They performed a content analysis that included coverage from Aug. 16 to Nov. 11, 2008, the period just before the Democratic National Convention to the week after the general election. News coverage mentioning the candidates was gleaned from the New York Times, the Washington Post and USA Today; transcripts from the three major broadcast networks’ evening broadcasts, as well as the equivalent periods on CNN and Fox News; and entries on nearly 400 political blogs.

The research showed that the vice presidential race in 2008 was in itself unique because of the attention it received. Discussion about McCain selecting Palin accounted for 7 percent of all television election coverage of the 2008 campaign, while the debate between Palin and Biden was the most-watched vice presidential debate in U.S. history, attracting nearly 70 million viewers.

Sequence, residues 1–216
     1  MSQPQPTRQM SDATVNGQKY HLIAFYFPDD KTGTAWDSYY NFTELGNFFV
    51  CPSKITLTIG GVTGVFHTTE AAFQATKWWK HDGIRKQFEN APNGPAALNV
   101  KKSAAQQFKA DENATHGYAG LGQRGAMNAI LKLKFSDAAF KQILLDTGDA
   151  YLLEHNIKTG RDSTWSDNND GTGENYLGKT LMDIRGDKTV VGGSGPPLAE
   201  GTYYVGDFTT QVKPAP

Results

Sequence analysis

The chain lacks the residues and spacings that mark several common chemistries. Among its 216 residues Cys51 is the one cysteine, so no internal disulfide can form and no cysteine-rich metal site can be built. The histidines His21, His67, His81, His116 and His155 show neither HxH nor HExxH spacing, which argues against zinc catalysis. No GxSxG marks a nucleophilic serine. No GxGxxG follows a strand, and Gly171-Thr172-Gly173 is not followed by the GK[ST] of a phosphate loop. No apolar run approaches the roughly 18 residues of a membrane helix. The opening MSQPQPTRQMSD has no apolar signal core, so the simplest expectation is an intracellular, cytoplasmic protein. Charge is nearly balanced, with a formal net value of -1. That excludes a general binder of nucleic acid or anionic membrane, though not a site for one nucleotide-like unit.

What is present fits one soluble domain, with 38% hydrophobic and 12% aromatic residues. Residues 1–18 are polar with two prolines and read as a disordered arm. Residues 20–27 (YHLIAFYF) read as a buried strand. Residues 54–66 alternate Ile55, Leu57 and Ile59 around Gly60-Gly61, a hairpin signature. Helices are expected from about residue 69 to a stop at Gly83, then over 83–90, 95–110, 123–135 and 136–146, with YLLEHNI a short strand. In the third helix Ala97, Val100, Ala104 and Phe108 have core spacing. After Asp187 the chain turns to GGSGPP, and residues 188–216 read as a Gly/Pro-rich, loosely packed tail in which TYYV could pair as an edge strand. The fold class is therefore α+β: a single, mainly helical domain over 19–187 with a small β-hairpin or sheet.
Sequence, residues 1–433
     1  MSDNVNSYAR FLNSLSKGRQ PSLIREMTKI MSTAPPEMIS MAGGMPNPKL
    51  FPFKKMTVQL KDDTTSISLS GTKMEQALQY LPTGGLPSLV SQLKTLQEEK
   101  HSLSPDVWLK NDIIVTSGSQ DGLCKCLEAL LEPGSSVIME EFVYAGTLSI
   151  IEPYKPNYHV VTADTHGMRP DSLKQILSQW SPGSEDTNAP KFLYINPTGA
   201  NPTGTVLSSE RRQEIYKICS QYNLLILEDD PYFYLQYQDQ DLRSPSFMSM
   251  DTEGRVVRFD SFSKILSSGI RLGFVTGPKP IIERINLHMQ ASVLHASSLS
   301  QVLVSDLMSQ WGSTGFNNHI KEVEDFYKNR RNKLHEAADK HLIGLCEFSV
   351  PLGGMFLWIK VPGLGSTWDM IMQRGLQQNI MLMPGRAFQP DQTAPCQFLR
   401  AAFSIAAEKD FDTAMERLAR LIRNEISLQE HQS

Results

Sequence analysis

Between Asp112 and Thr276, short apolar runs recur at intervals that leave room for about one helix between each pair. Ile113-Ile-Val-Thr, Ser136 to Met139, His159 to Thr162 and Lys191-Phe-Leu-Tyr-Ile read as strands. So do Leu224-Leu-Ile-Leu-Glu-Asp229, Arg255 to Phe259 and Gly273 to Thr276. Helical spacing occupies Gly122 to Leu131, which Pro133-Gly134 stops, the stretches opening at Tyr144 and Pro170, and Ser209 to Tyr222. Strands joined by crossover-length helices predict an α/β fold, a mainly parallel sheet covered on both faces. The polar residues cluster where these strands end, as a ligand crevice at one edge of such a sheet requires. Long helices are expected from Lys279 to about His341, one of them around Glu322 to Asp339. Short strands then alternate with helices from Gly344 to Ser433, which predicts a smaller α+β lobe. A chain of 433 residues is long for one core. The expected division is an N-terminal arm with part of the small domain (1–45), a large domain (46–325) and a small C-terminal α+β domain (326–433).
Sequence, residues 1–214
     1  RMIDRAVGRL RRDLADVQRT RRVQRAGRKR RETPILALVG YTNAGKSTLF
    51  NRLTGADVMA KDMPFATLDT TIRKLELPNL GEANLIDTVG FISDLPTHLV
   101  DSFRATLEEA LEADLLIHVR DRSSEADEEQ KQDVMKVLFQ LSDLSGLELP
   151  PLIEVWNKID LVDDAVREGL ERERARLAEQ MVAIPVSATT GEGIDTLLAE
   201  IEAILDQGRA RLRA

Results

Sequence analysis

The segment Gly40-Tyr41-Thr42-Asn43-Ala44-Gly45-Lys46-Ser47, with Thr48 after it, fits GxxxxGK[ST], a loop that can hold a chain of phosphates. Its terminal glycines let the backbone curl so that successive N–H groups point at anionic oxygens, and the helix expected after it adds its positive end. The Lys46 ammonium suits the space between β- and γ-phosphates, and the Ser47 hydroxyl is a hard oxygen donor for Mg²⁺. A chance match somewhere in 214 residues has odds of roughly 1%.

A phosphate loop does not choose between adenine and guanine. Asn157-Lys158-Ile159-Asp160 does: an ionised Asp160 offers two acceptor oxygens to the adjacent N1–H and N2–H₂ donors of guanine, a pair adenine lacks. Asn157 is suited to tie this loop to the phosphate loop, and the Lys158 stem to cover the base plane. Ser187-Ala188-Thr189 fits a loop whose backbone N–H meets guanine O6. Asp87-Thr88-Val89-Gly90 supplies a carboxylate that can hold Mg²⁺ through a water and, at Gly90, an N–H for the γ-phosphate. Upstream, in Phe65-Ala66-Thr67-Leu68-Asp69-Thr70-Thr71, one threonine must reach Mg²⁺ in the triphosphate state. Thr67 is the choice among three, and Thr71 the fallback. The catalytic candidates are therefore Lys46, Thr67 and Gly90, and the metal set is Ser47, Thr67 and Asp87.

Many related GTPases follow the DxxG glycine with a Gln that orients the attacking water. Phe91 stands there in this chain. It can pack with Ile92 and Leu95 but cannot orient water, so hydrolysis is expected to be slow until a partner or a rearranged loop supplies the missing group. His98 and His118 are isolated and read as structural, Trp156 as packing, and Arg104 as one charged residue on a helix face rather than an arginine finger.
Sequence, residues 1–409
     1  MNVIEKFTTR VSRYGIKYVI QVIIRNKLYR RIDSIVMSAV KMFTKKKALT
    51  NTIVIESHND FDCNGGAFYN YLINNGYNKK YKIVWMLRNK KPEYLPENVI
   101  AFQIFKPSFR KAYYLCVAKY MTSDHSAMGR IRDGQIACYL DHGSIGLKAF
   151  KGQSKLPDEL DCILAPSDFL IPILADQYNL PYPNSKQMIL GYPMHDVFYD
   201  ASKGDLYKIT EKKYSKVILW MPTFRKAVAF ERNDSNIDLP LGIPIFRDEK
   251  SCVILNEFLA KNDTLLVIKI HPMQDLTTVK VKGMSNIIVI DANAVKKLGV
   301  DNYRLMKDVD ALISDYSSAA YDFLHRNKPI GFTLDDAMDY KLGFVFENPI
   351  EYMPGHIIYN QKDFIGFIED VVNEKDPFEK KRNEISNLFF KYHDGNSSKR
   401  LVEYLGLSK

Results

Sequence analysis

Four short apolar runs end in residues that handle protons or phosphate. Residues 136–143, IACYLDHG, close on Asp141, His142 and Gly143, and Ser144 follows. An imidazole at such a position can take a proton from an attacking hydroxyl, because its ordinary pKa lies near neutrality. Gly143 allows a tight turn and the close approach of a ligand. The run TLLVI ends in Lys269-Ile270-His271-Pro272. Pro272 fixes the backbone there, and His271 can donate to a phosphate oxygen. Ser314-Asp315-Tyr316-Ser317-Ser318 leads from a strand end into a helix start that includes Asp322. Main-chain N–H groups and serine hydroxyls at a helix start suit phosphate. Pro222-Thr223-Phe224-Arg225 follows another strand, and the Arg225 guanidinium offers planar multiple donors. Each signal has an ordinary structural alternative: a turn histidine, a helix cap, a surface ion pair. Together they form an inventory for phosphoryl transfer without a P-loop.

In addition, the authors said, the race was especially novel because of Palin’s selection as the first woman on a Republican presidential ticket.

The high level of interest in her candidacy was reflected in the volume of coverage that went her way. The authors found that the average number of stories a day in overall coverage was 36 for Palin, compared with 14.9 for Biden. On television, Palin was the subject of 8.8 stories a day compared with 4.6 for Biden; in newspapers, it was 15 compared with 8.2 stories a day, and on political blogs, 14.2 compared with 3.2 stories a day.

In that coverage, the authors found evidence of gender stereotypes, with stories mentioning her family, physical appearance and positions on social issues; this trend was more pronounced on television. However, on issues that might be considered “women’s issues,” such as health care or education, Biden received more coverage.